Harvard University’s first Black woman president Claudine Gay resigned this week, less than a month after testifying in front of Congress regarding antisemitism on the university campus and allegations of plagiarism in her scholarly work.
“After those hearings, where they felt like she didn’t sufficiently condemn genocide and where she didn’t sufficiently talk about keeping college campuses safe for Jewish students, a war began,” Marc Lamont Hill, professor of urban education at the CUNY Graduate Center in New York City, said in an interview with URL Media partner WURD Radio’s Solomon Jones. “And the moment she stepped away from that microphone, you started hearing, ‘She’s a DEI hire. She’s an affirmative action hire.’”
Lamont Hill said Gay was being attacked from two sides: those who believed her answers in front of Congress to be antisemitic and those who felt she was unqualified to be president of Harvard University.
“It has been distressing to have doubt cast on my commitments to confronting hate and to upholding scholarly rigor — two bedrock values that are fundamental to who I am — and frightening to be subjected to personal attacks and threats fueled by racial animus,” she wrote in her public letter of resignation, URL Media partner The Haitian Times reported.
At the center of the push to force Gay out of her position was conservative activist Christopher Rufo, who told Politico that her resignation was “the result of a coordinated and highly organized conservative campaign.”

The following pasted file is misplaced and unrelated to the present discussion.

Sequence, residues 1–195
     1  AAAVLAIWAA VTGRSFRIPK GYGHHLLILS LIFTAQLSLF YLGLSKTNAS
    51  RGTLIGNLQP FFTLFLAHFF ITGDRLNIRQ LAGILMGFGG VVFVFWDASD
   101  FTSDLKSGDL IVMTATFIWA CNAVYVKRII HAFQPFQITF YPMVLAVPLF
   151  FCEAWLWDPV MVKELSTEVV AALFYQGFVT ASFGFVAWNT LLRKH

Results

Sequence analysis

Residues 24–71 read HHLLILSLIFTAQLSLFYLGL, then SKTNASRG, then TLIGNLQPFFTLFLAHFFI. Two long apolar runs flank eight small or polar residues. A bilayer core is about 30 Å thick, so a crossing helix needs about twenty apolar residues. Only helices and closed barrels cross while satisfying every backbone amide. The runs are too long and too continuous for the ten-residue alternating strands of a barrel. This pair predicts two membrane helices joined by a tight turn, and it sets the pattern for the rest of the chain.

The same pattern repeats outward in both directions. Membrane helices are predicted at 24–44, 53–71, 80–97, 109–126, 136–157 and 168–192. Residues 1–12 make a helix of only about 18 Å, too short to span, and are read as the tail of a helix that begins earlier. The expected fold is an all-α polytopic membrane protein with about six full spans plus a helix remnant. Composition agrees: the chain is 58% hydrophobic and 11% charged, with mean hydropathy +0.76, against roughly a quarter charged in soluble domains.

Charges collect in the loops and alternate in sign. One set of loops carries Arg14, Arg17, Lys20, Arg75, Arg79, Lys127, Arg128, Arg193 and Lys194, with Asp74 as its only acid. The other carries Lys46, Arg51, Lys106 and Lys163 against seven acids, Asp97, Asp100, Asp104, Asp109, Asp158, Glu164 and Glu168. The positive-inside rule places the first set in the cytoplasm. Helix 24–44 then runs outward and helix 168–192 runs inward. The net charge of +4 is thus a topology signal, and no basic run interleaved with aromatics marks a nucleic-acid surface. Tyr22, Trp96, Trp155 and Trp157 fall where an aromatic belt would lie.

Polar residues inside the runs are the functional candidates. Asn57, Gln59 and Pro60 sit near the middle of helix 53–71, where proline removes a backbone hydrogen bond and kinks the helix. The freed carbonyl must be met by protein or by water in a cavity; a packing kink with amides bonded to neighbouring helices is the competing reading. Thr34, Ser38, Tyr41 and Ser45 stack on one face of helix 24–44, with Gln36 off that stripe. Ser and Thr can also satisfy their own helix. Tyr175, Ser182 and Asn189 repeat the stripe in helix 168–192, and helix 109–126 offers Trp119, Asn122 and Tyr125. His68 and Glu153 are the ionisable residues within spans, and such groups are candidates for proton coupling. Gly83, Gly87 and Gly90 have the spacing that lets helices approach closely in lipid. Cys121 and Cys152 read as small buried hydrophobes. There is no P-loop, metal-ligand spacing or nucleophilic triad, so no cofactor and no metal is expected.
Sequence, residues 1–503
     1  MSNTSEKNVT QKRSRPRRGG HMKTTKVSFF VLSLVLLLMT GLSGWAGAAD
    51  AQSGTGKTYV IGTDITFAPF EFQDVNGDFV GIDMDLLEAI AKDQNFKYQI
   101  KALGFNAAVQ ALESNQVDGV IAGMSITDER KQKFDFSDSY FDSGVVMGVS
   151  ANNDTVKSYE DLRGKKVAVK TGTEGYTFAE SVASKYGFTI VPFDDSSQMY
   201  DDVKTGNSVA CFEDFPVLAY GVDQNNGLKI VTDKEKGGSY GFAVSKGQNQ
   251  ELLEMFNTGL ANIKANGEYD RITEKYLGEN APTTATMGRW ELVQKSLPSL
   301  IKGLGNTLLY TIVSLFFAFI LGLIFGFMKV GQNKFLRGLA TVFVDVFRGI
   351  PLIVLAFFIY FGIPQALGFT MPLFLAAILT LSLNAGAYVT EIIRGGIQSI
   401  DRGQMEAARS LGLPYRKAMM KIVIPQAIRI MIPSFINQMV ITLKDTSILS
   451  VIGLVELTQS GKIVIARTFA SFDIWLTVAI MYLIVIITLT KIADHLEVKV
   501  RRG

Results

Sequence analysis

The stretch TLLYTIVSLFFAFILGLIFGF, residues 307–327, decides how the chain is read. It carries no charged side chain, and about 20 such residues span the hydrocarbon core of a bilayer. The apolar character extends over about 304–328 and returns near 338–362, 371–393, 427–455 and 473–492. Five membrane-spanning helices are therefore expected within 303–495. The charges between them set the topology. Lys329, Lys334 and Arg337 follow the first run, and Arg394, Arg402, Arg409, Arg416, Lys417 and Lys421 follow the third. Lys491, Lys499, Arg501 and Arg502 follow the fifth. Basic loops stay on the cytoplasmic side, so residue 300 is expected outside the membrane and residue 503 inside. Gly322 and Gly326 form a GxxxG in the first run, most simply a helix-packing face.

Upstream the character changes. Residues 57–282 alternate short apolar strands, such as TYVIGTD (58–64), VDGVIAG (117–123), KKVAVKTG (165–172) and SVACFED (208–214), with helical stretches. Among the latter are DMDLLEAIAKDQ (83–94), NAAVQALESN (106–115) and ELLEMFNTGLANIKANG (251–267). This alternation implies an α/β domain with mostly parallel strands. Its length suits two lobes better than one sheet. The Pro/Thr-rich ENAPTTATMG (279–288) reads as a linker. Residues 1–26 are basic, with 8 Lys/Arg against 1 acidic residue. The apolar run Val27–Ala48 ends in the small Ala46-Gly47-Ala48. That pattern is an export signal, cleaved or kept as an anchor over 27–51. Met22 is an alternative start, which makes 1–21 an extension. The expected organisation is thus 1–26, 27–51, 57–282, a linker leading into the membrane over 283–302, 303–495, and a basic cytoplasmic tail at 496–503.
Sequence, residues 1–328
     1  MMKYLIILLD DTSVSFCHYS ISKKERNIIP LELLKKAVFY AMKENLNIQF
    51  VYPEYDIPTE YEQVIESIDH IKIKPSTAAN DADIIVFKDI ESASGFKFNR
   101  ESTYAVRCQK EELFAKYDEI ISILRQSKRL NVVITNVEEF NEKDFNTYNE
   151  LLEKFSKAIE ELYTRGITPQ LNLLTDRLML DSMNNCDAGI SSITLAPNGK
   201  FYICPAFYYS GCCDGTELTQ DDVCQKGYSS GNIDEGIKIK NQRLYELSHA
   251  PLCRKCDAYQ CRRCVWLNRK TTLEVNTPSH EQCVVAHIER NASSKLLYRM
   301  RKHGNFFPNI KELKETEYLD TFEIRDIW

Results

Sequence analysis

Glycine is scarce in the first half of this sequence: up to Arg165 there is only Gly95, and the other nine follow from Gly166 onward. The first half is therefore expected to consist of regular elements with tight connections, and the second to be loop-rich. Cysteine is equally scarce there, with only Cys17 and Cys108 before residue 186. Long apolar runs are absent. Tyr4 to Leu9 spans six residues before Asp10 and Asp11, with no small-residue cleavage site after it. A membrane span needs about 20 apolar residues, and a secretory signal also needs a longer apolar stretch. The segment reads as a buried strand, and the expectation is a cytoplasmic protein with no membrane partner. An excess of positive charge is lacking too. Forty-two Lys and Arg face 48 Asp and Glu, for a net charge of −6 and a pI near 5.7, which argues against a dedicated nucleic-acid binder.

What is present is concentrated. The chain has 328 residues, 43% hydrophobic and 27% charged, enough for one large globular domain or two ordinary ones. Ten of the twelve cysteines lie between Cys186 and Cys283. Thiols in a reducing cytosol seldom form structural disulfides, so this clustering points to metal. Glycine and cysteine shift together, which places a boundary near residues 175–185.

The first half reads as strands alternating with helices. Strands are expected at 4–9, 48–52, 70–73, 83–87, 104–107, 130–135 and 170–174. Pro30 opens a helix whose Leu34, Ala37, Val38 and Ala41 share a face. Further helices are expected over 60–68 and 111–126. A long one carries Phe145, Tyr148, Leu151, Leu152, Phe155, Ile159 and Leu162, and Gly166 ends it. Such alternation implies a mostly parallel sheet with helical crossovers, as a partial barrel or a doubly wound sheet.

According to Rufo, that campaign included narrative, financial, and political pressure led by people such as conservative writer Christopher Brunet, Aaron Sibarium, billionaire hedge fund manager Bill Ackman and Rep. Elise Stefanik (R-NY).
“You had too many powerful people with too many powerful agendas and who are well-resourced and well-microphoned who could make her seem like an incompetent unworthy Black woman who was in a position that she didn’t deserve, which is the furthest thing from the truth,” Lamont Hill said.
But, Rufo said, the effort to remove Gay was about much more than her resigning as Harvard’s president.
“My primary objective is to eliminate the [diversity, equity, and inclusion] bureaucracy in every institution in America,” he told Politico, “and to restore truth rather than racialist ideology as the guiding principle of America.”
While the plagiarism allegations levied against Gay are being reviewed by the university, many in the academic world said her resignation sent a clear message.
“As Black women, the rules are different,” Cécile Accilien, a French and Francophone Studies professor at the University of Maryland and president of the Haitian Studies Association, told The Haitian Times. “We have to be cautious, we have to watch our back.”
Though Gay will no longer hold the title of president, she will remain at Harvard, “return[ing] to the faculty, and to the scholarship and teaching that are the lifeblood of what we do.” — Alicia Ramirez
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